What if I told you that you could buy an asset that would never lose value? You would be pretty excited, right? Outside of Treasury bonds, very few investments are guaranteed to never lose value. The fact that land doesn’t depreciate does not mean it may not potentially lose value. It does however mean that the IRS will never consider it an asset you can use on your tax forms the same way you can deduct a tractor, a combine, or a car.
When you buy land you have to prepare to make the right decisions to protect your investment, and by following the IRS guidelines on land purchases, you can get top value out of your land as a solid investment without running afoul of any tax laws.
Why doesn’t land depreciate?
The IRS offers several terms for depreciation, and there is a crucial reason why land never depreciates. According to the IRS:
Land can never be depreciated. Since land cannot be depreciated, you need to allocate the original purchase price between land and building. You can use the property tax assessor’s values to compute a ratio of the value of the land to the building.
The IRS does not allow the depreciation of land simply because the value of the land is almost impossible to devalue. In any given year, the land could be the site of construction, a new home or building could be placed there, or it could be worked for income generation, just to name a few of the possibilities.
Therefore when it comes to purchasing land, the IRS views land and improvements as completely separate line items. When you look at your tax assessor’s form for property, you can multiply the assessment by 25% to receive your IRS equivalent land value. The remaining 75% of the assessment will be considered as improvements to the land.
What does depreciate?
Depending on the kind of improvements, you may or may not have the ability to depreciate some of the cost put in to improve the land. Should the improvements be a building or a home, it is rare that you will ever qualify for depreciation, though you are likely to receive a deduction for your mortgage interest. You will need to contact a certified public accountant for more details.
In the case of land, many of the land-based improvements that can be subject to depreciation include: fencing, sidewalks and walkways, parking lots, roads, bridges, grading/erosion control, and improved lighting are all items that can be depreciated as they have a limited lifetime.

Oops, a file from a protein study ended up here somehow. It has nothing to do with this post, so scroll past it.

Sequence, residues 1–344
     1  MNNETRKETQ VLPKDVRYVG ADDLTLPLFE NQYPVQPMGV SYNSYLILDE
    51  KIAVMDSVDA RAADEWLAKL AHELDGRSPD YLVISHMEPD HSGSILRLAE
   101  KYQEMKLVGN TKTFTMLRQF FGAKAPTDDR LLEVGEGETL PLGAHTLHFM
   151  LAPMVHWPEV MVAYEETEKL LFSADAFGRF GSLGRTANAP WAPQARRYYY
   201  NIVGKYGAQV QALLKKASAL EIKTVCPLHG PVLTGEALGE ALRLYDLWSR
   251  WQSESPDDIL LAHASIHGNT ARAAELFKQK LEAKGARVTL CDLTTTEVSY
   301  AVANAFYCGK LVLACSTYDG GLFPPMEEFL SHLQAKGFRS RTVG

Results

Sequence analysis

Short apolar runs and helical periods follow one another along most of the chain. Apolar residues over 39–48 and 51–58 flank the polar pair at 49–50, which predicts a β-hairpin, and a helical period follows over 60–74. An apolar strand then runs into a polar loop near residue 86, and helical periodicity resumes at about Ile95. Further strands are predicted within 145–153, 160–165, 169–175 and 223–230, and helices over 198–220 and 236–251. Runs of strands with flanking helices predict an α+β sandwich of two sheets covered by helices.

Making solid decisions and planning for your future
Understanding the value of your land and improvements can help you make good decisions and maximize the value of your land. Common improvements in development pressure zones include adding fencing, utilities, and blacktop driveways. The addition of a utility service like power or sewer lines can be a significant improvement to the quality of your land. The rural communities’ common improvements can be a septic system or well.
We have to understand that everyone has a different definition of rural communities. Rural communities can have grades of access, there is simply no one size fits all. You can live 35 minutes from a major metropolitan area and still be considered rural under your state’s definition. There are farms within an hour of major cities in America. Some advice that works in one rural area may be successful, but in another area, it might not be successful – because not all rural areas are the same. The communities in the rural areas have the strongest voice as to what they consider improvements. Consult your tax professional and land agent for what depreciates and what sells.
Unlike houses, the curb appeal of land is addressed by available services and the quality and upkeep of the property, including brush removal and the elimination of debris. First-time land buyers will be looking for improvements that make your land more attractive. When your land is attractive to these buyers, it is much easier for them to see a 25/75 split toward their construction cost. If a land buyer sees your property without improvements, they will be calculating the improvement cost into their side of the 25/75 assessment split, which may automatically price out many potential buyers. Preventing buyers from being deterred by thinking your land puts them behind on building their project gives you a larger pool of potential buyers for the property you’re selling.
While these are early expenses, increasing return value by making the land more attractive to buyers is often the most important benefit you can receive. As a landowner, you can benefit from these expenses while improving your property. The IRS offers instructions as to deduction-ready improvements and accountants offer their own assessment of how land owners can qualify.
Land is only getting more valuable, best to buy now while you can!